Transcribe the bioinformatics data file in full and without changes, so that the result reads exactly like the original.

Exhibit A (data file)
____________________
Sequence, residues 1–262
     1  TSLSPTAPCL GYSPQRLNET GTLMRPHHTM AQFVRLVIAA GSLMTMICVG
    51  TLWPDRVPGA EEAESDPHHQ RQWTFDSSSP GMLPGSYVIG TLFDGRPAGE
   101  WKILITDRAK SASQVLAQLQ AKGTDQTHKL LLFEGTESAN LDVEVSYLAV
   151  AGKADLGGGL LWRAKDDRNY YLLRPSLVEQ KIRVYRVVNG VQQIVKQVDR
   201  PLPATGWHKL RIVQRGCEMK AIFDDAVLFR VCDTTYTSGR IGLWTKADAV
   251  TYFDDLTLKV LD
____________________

Sequence, residues 1–262
     1  TSLSPTAPCL GYSPQRLNET GTLMRPHHTM AQFVRLVIAA GSLMTMICVG
    51  TLWPDRVPGA EEAESDPHHQ RQWTFDSSSP GMLPGSYVIG TLFDGRPAGE
   101  WKILITDRAK SASQVLAQLQ AKGTDQTHKL LLFEGTESAN LDVEVSYLAV
   151  AGKADLGGGL LWRAKDDRNY YLLRPSLVEQ KIRVYRVVNG VQQIVKQVDR
   201  PLPATGWHKL RIVQRGCEMK AIFDDAVLFR VCDTTYTSGR IGLWTKADAV
   251  TYFDDLTLKV LD